After Florence we travel back to San Gimignano via Poggibonsi, where we pick up the car and drive to Lucca, one of the pearls of Tuscany. Because Lucca is situated just outside the typical tourist routes, the city – just like Bologna – is relatively unaffected by tourism. You should visit the beautiful Piazza Anfiteatro, a square with medieval buildings that still contains tracks of the Roman amphitheater that used to be here.
Only 20 km south west of Lucca is Pisa, a city that is worth a detour only because of its famous tower, The Torre Pendente, which is also the name of the city campsite. Experts say that the tower will not collapse for at least another 3 centuries, so a climb to the top of the tower is not too risky. The Tower of Pisa is situated on the Campo dei Miracoli, with the tower, the Cathedral (Duomo) the baptistery and the Camposanto, the cemetery that resembles a cloister. All the structures are made with Carrara-marble, which makes the structures form a beautiful unity.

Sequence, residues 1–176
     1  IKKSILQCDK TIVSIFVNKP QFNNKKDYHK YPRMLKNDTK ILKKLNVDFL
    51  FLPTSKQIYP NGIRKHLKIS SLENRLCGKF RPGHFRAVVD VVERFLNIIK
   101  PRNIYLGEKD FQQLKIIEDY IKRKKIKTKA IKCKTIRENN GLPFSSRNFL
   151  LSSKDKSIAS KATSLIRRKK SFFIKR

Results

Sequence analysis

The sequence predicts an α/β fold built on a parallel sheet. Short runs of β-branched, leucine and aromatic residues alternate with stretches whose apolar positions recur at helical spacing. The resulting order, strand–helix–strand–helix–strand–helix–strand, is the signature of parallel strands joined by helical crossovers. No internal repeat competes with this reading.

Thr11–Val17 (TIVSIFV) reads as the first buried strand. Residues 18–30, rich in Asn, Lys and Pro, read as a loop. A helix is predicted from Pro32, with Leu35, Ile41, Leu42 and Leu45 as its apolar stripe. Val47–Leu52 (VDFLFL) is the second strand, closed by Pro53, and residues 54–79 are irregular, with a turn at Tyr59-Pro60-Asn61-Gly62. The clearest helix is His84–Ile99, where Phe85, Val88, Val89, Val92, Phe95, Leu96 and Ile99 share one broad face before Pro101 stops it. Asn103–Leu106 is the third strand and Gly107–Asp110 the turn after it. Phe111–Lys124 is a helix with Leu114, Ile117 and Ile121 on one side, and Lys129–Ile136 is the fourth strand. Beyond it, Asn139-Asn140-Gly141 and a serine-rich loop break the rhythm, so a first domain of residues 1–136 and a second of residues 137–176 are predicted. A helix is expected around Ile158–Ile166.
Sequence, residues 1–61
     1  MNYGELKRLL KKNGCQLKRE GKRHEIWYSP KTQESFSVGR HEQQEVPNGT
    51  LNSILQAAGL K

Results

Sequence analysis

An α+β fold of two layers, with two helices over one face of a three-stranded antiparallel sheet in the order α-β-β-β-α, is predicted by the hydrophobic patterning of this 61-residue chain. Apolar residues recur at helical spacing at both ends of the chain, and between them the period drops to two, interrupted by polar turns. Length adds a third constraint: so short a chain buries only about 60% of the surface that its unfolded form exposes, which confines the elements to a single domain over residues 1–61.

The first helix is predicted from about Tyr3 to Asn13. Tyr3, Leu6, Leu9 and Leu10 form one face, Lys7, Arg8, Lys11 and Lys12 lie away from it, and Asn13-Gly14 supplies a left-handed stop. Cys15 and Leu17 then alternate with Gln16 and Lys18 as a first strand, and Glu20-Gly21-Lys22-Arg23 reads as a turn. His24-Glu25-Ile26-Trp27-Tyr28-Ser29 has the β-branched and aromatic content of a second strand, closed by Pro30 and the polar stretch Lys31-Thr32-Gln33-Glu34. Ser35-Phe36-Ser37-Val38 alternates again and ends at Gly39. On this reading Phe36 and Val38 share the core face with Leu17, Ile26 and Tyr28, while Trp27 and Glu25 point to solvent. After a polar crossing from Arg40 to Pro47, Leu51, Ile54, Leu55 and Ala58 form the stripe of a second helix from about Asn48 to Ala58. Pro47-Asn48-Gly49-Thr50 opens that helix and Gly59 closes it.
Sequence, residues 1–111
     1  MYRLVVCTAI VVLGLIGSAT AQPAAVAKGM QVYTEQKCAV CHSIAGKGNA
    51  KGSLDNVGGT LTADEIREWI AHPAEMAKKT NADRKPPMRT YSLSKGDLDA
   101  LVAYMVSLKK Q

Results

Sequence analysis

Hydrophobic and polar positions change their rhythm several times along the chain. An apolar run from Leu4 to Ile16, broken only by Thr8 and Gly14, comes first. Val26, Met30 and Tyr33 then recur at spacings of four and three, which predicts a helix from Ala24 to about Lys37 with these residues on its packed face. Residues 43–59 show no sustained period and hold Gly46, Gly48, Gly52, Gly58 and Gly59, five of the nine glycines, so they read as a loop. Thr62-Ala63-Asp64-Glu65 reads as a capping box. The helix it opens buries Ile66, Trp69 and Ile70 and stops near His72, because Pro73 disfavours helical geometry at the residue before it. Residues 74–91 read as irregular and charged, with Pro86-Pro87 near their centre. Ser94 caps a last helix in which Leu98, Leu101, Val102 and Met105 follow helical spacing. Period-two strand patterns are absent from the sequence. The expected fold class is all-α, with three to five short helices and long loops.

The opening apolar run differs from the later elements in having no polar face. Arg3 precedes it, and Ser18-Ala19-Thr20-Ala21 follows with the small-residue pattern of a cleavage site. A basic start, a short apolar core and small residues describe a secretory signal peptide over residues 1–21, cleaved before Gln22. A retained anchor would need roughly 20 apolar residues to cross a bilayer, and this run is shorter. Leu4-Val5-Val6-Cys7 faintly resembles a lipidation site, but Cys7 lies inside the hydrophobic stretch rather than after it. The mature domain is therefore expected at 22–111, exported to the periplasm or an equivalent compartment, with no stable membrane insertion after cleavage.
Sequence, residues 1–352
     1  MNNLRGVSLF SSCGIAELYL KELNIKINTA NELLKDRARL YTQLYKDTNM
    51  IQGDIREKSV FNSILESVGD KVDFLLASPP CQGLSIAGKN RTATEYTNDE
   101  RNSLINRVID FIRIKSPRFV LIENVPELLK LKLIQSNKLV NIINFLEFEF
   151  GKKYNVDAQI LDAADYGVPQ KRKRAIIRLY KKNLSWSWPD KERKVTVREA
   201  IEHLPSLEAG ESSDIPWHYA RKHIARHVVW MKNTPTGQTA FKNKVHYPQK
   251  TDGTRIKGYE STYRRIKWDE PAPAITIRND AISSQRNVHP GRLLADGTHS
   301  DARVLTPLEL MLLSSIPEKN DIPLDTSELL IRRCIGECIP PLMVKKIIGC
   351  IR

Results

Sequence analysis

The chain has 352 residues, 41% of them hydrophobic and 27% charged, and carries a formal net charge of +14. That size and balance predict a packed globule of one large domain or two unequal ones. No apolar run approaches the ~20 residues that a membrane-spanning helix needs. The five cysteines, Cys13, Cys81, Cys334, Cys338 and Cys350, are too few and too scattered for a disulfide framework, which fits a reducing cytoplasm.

Apart from the Campo dei Miracoli there are surprisingly few tourists in Pisa. It is certainly worth traveling to other parts of the city, only because the restaurants offer a significant price/quality ratio, in comparison to the restaurants close to the tower of Pisa.
|1. San Gimignano - Volterra||33 km|
|2. Volterra - Follonica||95 km|
|3. Follonica - Castiglione della Pescaia||31 km|
|4. Castiglione della Pescaia - Talamone||35 km|
|5. Talamone - Orbetello||77 km|
|6. Orbetello - Gradoli (Bolsena)||94 km|
|7. Gradoli - Castel del Piano||80 km|
|8. Castel del Piano - Siena||79 km|
|9. Siena - Florence||72 km|
|10. Florence - San Gimignano||61 km|
*Detours for shopping etc. included<